Hundreds Of Workers Go On Strike At Reagan National & Dulles
Above Photo: The protest at Reagan National airport was the first involving employees from Huntleigh. (WTOP/Nick Iannelli)
WASHINGTON — Hundreds of contracted airport service workers walked off the job Wednesday morning at Dulles International and Reagan National airports, speaking out against their employer and demanding to be paid a minimum of $15 an hour.
“They’re on strike today to demand higher standards,” said protest organizer Jaime Contreras, vice president of Service Employees International Union Local 32BJ.
“This is something that is very hard for them to do, but they’ve had enough.”
The employees, including baggage handlers and wheelchair attendants, are with Huntleigh USA Corporation, a contractor that does business directly with airlines.
It has around 400 workers at the two airports.
Organizers of the demonstration said the employees often have to work two or three jobs to support their families and earn as little as $6.15 an hour plus tips.
“We’re here today to make sure these workers get what they deserve which is a higher wage and respect and dignity on the job,” Contreras said.
It was not the first time contracted airport service workers in the D.C. area walked off the job. Employees at Reagan National went on strike in late March as part of a nationwide protest involving people who do various jobs including cleaning airplanes, checking and hauling bags and assisting passengers who have disabilities.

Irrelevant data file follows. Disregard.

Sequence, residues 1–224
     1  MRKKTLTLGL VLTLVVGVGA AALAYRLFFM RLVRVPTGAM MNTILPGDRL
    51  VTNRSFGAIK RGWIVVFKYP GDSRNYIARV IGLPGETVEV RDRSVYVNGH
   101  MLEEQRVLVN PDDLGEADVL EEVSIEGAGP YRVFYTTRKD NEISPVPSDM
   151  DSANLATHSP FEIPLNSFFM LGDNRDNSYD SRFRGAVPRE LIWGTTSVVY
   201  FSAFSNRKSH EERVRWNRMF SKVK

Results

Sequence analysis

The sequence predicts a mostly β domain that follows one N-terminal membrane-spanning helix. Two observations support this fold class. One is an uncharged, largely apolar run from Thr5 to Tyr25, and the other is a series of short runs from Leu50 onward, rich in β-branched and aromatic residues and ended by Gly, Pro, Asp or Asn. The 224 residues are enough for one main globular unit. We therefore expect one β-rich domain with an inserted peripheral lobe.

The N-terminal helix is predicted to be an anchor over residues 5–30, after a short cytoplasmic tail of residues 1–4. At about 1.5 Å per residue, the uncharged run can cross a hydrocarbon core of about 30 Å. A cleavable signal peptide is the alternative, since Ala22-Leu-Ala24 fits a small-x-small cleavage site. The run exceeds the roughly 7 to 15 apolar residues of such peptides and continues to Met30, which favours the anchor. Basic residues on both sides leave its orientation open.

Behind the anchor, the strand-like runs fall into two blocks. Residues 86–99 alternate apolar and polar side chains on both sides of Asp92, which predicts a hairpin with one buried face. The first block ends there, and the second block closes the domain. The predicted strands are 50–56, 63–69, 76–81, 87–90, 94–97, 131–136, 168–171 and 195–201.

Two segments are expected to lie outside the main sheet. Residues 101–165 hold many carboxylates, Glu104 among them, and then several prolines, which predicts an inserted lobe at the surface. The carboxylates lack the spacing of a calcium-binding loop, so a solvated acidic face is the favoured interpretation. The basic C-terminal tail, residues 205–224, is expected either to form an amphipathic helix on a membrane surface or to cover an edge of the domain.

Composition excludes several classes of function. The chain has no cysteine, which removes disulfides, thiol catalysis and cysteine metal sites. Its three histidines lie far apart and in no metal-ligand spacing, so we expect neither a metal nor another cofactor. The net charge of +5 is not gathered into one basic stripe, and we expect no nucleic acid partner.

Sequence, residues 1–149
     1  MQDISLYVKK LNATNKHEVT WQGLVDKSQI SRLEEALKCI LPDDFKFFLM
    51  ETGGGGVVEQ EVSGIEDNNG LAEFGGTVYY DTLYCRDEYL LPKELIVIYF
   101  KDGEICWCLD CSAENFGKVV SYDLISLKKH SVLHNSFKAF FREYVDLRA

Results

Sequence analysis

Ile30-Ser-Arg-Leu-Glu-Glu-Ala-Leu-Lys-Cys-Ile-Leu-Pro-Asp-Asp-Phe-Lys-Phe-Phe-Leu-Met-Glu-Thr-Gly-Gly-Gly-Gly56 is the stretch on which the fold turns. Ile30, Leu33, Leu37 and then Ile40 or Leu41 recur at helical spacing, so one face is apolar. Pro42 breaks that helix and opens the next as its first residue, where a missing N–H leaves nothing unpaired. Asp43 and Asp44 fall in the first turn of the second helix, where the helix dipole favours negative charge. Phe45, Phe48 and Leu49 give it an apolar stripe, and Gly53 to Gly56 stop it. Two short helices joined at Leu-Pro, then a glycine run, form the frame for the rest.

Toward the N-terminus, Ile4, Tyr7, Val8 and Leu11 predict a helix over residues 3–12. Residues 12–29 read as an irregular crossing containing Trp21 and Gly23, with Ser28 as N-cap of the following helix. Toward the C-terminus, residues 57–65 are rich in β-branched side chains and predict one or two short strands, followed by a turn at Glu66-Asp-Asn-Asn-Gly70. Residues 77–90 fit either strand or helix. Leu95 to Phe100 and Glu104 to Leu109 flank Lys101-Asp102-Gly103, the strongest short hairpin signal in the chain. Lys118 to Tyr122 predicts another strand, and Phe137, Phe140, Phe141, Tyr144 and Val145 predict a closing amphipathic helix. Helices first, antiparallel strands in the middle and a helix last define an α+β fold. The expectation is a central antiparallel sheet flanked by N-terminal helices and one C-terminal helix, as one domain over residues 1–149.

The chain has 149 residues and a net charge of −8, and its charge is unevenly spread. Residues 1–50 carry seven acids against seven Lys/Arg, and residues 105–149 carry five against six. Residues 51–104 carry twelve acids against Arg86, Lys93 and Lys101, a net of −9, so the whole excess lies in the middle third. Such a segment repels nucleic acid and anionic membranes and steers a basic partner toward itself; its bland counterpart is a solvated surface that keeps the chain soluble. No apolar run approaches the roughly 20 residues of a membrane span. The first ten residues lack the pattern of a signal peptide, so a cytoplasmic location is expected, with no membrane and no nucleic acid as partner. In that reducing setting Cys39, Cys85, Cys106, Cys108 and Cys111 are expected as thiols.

Tuesday’s protest was the first involving employees from Huntleigh, and it marked the first time that contracted airport workers from Dulles International agreed to strike.
“We work very hard to ensure that travelers have a safe and clean airport, but we are ready to go on strike to ensure we can provide for our families,” said Aynalem Lale, a wheelchair dispatcher at Dulles.
“If I made $15 an hour, I wouldn’t have to work two jobs and would not have to sleep at the airport between jobs.”
Travelers should not notice any difference in operations.
“There has been no adverse impact on airport passengers or flights at Reagan National and Dulles International Airports. We expect normal airport operations during the peaceful protest,” said Rob Yingling, a spokesman for the airports.
Protesters also planned to attend a Metropolitan Washington Airports Authority board of directors meeting to ask for a new rule, requiring airline contractors such as Huntleigh to pay workers $15 an hour.